The minority tax certificate is back in the news with revised bills being introduced in both the House of Representatives and the Senate. We wrote about a version of this bill introduced in the last session of Congress here. The tax certificate offers perhaps the most meaningful route to increasing diversity in broadcast ownership. While the certificate was abolished by Congress over 25 years ago, these new bills signaling the potential for its revival merits another examination of what this policy did and why it was effective, and what is now being proposed.
The minority tax certificate was a program designed to provide broadcasters with an economic incentive to sell their stations to minority owners. Rather than directly subsidizing the potential owners, the certificate instead gave a tax break to sellers of broadcast stations that incentivized them to sell to a minority-owned business even if there were multiple bidders for their properties. If the seller sold its station to a minority-owned business, the seller could take the proceeds from the sale and roll those proceeds over into a new media property without recognizing the taxable gain from the sale. Unlike the typical like-kind exchange where the roll-over into a new property has to proceed within a few months of the sale, the tax certificate treated the sale as an involuntary sale (like the sale of a property because of a government’s exercise of eminent domain) under Section 1033 of the tax code, giving the seller several years to roll the proceeds over into a new purchase. At that point, the new property would have the same tax basis as the old – meaning that no gain would be recognized until the sale of the new property. In the closing decades of the last century, this policy spurred many sales to minority-controlled companies by broadcasters looking not to get out of the business, but instead looking to realign their holdings or to move up into larger markets. Several hundred radio and TV stations were purchased under this program in the last 20 years of the program’s existence. Why was this seemingly successful program abandoned?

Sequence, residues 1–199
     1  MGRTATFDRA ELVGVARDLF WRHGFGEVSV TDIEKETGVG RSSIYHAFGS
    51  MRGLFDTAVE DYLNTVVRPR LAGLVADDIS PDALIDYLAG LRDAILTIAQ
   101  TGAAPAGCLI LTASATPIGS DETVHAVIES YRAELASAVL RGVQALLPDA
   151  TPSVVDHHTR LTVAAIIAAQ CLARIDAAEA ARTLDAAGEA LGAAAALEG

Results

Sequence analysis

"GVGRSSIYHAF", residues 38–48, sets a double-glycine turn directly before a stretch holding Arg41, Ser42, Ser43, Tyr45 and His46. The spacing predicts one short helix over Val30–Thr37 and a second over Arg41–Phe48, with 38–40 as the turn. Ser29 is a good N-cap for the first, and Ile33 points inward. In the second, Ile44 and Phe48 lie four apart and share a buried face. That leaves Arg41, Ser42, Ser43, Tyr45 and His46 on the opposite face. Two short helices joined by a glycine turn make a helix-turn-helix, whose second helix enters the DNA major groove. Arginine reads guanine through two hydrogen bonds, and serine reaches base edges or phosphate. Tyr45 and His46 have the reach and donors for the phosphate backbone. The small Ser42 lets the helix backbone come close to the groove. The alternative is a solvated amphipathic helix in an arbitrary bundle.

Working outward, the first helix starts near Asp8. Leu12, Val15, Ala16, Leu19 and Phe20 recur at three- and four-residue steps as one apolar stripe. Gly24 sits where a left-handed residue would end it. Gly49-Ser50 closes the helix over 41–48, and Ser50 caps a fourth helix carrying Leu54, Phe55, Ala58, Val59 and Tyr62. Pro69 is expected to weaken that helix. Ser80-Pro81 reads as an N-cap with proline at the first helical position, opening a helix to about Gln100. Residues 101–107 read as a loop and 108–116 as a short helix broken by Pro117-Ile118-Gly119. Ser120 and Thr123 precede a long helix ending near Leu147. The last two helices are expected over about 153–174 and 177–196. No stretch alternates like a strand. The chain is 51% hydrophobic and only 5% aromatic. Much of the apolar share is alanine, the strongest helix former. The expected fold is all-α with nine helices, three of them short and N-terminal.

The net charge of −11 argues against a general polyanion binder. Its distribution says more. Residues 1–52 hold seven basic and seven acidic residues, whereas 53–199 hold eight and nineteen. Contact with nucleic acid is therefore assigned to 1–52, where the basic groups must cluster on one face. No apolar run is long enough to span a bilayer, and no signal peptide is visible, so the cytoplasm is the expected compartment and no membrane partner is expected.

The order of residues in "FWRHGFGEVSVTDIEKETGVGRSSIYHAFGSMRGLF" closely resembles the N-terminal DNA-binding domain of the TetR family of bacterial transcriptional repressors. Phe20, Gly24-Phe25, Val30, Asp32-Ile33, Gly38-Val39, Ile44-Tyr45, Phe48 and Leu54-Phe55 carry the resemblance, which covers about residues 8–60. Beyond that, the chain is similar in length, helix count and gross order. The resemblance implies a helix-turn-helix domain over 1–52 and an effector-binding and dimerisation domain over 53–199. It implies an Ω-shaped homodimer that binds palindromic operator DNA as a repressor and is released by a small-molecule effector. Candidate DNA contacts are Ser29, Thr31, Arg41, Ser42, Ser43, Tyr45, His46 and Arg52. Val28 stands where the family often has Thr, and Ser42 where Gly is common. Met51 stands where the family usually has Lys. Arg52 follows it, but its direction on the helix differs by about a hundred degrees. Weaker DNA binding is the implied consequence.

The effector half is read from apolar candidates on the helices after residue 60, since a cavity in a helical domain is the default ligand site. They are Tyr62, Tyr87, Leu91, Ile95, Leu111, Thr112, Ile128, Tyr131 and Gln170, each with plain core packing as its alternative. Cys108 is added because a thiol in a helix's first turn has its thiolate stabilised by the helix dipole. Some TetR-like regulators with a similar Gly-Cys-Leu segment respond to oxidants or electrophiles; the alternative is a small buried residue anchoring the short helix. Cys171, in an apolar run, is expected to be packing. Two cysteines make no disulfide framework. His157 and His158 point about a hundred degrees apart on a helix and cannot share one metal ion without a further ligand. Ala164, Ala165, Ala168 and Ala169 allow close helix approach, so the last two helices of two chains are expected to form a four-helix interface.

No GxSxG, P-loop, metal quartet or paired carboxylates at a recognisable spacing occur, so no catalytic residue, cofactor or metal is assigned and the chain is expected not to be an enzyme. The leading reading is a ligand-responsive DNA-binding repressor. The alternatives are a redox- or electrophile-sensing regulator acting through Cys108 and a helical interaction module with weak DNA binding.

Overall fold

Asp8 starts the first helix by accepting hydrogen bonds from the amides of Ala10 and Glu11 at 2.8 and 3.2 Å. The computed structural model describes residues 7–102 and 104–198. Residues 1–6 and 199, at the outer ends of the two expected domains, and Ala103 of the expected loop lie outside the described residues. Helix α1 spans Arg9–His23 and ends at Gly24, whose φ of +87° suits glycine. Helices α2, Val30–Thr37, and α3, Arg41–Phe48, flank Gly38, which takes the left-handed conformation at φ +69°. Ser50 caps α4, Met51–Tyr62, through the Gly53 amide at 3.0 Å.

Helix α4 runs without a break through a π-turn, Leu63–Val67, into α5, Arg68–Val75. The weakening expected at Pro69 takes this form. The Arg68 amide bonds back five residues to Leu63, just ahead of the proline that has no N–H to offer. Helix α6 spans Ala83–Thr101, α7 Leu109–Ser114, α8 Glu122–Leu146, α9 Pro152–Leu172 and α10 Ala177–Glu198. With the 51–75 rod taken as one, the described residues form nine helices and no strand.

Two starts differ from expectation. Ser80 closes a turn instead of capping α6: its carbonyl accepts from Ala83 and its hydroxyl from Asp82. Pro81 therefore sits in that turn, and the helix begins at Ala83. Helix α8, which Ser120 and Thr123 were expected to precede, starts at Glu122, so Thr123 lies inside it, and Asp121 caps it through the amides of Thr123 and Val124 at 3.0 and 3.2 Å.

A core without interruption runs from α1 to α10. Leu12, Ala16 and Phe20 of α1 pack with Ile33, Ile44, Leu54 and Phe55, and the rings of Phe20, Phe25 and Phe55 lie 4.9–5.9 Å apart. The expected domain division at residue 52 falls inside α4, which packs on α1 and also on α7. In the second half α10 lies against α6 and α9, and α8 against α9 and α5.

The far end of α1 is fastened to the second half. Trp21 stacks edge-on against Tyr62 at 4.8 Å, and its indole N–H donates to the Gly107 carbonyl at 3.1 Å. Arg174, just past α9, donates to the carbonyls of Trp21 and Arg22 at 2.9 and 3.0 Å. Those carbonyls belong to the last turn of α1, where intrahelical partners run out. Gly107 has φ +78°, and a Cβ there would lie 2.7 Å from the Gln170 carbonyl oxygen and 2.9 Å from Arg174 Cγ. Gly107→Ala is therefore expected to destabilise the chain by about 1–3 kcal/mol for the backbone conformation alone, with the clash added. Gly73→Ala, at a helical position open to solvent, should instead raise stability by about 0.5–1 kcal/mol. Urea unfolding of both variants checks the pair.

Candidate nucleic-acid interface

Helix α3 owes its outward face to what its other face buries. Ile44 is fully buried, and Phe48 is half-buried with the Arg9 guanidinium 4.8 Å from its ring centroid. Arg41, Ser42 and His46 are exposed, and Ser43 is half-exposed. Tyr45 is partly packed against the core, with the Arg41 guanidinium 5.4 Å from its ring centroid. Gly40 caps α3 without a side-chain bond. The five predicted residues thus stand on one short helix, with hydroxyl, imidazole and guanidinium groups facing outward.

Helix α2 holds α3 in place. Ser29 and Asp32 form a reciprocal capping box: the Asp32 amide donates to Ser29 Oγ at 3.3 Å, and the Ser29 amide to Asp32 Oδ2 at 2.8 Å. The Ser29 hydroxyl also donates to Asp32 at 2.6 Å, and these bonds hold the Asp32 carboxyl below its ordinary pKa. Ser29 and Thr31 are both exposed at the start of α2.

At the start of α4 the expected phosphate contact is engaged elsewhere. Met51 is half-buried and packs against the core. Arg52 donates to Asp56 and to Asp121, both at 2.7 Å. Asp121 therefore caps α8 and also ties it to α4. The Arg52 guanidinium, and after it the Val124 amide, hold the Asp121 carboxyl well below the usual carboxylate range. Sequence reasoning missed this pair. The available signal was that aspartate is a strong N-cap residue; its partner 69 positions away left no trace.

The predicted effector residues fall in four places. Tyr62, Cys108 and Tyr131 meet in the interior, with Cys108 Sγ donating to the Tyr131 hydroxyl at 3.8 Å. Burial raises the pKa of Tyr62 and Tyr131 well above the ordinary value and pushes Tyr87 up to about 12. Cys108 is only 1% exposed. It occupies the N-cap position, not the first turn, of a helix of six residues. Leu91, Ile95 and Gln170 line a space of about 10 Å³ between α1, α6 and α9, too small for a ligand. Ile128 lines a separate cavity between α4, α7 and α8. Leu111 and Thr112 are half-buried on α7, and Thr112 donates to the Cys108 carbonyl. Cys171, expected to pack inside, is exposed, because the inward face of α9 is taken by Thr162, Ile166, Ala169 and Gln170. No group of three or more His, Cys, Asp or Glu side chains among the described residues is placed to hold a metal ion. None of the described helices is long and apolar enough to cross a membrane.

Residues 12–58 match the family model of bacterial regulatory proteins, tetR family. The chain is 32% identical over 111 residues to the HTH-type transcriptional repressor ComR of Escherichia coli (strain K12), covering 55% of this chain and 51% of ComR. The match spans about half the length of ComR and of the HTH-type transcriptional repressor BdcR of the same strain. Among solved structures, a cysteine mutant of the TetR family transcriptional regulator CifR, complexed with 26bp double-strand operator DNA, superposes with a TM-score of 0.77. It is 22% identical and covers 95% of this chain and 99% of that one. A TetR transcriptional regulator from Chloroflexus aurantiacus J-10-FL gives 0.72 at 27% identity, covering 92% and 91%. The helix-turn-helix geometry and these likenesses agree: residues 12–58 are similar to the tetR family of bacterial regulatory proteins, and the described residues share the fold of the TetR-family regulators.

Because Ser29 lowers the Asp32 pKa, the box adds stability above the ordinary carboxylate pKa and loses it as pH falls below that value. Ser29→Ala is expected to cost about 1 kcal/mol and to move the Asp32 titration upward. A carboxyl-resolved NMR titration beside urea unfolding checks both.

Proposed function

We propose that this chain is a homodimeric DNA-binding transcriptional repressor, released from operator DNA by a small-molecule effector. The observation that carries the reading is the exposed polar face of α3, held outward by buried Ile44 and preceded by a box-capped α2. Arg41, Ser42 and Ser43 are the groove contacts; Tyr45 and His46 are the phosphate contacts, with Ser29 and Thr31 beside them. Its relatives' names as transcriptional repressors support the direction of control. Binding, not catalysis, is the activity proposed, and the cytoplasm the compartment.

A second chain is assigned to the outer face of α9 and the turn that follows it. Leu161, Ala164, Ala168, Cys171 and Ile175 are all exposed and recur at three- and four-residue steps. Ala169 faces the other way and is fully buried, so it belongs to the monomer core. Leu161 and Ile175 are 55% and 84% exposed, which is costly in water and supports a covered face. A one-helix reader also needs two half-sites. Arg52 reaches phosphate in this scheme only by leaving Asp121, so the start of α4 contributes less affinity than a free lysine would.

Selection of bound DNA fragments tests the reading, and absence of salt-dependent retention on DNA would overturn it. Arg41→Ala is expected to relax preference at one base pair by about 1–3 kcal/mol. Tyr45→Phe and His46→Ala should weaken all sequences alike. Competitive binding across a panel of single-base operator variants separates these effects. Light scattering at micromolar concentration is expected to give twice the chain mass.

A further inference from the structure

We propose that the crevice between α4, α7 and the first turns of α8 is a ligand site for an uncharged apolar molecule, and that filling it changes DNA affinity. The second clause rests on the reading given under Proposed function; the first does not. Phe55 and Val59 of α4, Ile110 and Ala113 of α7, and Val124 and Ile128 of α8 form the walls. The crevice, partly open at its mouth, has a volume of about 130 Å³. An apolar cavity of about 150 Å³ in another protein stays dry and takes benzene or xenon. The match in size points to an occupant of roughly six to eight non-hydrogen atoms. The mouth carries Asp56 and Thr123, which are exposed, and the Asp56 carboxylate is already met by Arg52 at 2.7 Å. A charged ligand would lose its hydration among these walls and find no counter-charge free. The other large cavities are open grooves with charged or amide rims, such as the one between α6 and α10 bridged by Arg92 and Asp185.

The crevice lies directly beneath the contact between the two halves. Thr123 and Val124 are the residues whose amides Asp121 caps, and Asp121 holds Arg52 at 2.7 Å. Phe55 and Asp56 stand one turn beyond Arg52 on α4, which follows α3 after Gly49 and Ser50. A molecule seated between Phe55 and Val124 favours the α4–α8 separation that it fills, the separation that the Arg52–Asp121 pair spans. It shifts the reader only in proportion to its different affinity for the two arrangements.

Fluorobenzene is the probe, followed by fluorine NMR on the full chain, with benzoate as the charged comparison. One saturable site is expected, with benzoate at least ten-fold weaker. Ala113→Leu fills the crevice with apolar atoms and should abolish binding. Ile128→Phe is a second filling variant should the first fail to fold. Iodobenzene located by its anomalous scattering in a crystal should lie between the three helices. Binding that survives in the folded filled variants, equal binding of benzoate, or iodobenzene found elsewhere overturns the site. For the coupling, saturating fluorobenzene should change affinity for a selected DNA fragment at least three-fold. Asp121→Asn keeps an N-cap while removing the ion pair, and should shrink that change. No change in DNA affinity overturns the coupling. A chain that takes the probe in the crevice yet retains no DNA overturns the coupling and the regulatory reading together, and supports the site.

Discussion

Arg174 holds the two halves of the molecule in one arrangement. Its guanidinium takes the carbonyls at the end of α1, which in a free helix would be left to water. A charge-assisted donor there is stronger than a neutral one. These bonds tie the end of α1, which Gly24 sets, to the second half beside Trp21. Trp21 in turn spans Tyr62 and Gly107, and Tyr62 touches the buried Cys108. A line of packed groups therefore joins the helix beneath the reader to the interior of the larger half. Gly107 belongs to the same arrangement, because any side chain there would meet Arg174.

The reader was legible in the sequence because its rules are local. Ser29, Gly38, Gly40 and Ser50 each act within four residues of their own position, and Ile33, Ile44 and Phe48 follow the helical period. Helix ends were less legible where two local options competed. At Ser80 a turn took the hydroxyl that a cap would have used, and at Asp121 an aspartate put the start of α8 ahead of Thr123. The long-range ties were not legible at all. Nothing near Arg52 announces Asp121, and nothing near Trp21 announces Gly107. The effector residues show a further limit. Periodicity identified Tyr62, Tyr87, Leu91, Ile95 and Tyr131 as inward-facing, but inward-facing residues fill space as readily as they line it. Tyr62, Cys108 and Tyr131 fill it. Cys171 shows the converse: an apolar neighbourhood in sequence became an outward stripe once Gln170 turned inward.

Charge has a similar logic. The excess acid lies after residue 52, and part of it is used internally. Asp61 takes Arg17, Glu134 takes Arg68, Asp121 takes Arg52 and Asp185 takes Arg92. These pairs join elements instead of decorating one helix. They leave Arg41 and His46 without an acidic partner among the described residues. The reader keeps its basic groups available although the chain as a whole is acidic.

Continue Reading Bills Introduced to Bring Back Tax Certificate to Foster Diversity in Broadcast Ownership – Exploring the Proposals